Interested mycophiles often ask, “what is cordyceps mushroom all about?” Today I am going through some of the history associated with two popular strains of cordyceps

What is cordyceps? Cordyceps is a genus of mushrooms located in the ascomycota phylum. The latin name breaks down into “cord” and “ceps,” meaning “club” and “head.” Presumably, a club fungus fruiting out of the head of an insect. The life cycle is radically different from most cultivated mushrooms, which are located in the phylum basidiomycota.

Cordyceps have an asexual reproduction stage, which allows them to skip making a fruiting body to produce spores. This is one reason why cultivation of cordyceps can be difficult; not all wild isolates will create fruiting bodies. Strain selection is vital in proper cultivation of cordyceps.

Cordyceps as a common name typically refers to two species of mushroom, but scientifically it refers to a genus with over 400 species of mushrooms in it. This is the challenge with using common names; most of the time they apply to many different mushrooms. The two primary ones that are typically being referred to when people say “cordyceps” is Cordyceps sinensis (renamed in 2007 to be Ophiocordyceps sinensis) and Cordyceps militaris.

what is cordyceps?What is cordyceps mania all about? There is a lot of debate as to whether these two mushrooms have similar amounts of compounds produced in them and if wild compared to cultivated mushrooms vary widely in compounds. Currently, the prices between the two show that one is valued much higher than the other. The craze for wild cordyceps has allowed prices to balloon with a kilogram in the US being sold at retail prices of $50,000! That is around $22,000 per pound!

Now you might understand what this craze for cultivation is about. Amazingly, though, cordyceps militaris grown in China is sold for $16/lb in the US. Some other common names for Cordyceps sinensis are: Caterpillar fungus, yartsa gunbu (translated as “winter worm, summer grass”) or dōng chóng xià cǎo in Chinese.

We refer to Cordyceps sinensis as yartsa gunbu. Common names for Cordyceps militaris have not been developed so we will call it cordyceps. This is part of the confusion around the cultivation and consumption of cordyceps; there is confusion as to what is being talked about when using the word cordyceps. Are we talking about the mushroom that sells for $22,000/lb or $16/lb?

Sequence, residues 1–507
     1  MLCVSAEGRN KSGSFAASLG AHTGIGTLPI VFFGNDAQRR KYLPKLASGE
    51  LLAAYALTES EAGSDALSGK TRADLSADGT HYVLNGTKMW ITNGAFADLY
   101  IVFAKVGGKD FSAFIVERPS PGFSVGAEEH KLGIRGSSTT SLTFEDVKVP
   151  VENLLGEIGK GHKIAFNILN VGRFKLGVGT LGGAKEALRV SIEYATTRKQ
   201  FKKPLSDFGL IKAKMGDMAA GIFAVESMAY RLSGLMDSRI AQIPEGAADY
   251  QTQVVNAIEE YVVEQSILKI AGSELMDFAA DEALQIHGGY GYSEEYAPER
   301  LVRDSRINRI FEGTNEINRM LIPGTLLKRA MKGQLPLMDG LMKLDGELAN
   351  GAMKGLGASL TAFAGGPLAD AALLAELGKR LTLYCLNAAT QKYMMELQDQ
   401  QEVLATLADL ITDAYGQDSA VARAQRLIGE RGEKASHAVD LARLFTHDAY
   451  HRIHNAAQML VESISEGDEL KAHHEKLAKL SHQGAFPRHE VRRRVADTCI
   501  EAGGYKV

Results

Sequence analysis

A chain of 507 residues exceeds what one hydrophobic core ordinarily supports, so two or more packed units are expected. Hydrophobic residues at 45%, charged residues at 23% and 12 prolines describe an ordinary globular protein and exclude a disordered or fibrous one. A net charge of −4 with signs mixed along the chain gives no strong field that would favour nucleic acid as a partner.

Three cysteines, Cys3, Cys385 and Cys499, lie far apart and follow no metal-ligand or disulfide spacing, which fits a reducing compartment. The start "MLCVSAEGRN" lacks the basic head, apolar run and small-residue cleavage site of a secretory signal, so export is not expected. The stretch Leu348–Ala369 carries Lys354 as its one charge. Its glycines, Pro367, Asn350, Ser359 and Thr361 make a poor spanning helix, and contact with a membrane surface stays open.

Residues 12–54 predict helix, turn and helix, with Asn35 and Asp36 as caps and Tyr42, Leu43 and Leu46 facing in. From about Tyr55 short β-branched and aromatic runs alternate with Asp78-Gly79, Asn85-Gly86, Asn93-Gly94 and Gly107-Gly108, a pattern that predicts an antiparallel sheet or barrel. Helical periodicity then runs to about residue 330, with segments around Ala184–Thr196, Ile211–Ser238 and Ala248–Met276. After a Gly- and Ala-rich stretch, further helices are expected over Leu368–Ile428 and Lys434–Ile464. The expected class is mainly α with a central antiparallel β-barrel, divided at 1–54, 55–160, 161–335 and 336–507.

What is cordyceps? Yartsa Gunbu history

This mushroom has been collected in the Tibetan plateau for centuries. It has only recently become a huge aspect of the economy in that area. Yartsa Gunbu grows on caterpillars in the shrub lands of the Himalayas. The fungus infects the caterpillars in the fall and over the winter consumes the body. During the spring Yartsa Gunbu puts up a fruiting body, which matures into the summer and sporulates in the late summer. The caterpillars in that region shed their skin and are most susceptible to infection during the late summer. Collectors typically go out in May and June to collect this fungus.

The economic value of Yartsa Gunbu since the late 1990s has been soaring. Over the ten years between 1998 and 2008 prices increased by 900%. Between 2008 and 2018, prices again increased by that much for larger specimens of Yartsa Gunbu. On average, the price is continuing to increase by 20% every year! Yartsa Gunbu accounts for almost 40% of the income for families in rural Tibet. This mushroom was first written about in a medicinal document written around 1450 in Tibet. In Traditional Chinese Medicine, it first appeared in literature in 1694. The genus of Cordyceps was described by Carl Linnaeus in 1753, but the introduction of Yartsa Gunbu to a western audience has been very recent, around the early 2000s. what is cordyceps

What is cordyceps? Cordyceps militaris history 

Cordyceps militaris has been named and renamed since 1753 until it found its current nomenclature in 1818 in Paris. Cordyceps grows throughout Europe and the United States but is more common east of the Rocky Mountains in the U.S. It is a parasitic mushroom that consumes insect larvae and pupae primarily of moths and butterflies.

Cultivation of this mushroom has been conducted in Asia much longer than in the United States. It seems cultivation started in the late 90’s and really exploded in Asia during the early 2000s. Many Youtube videos and training courses around cultivation of the mushroom have been developed in Thailand, China, Vietnam, and South Korea.

William Padilla-Brown, who was the technical advisor for this project and Ryan Gates were some of the first to grow fruiting bodies in the US. This was in late 2015 when they discovered a substrate and strain combination that produced fruiting bodies. Since then, strain and substrate trials have been conducted to find a combination that can produce commercially. William Padilla-Brown also offers courses on cordyceps cultivation.

Since early 2016, many other farms and growers in the U.S. have developed an interest in cultivating cordyceps. There are several farms looking to develop methods that allow commercial cultivation of cordyceps, but this is still in the beginning stages. These farms sell cordyceps for very high prices to a niche market or further process the mushrooms into a value-added product.

So, what is cordyceps mushroom all about? Hopefully you have a better understanding now.

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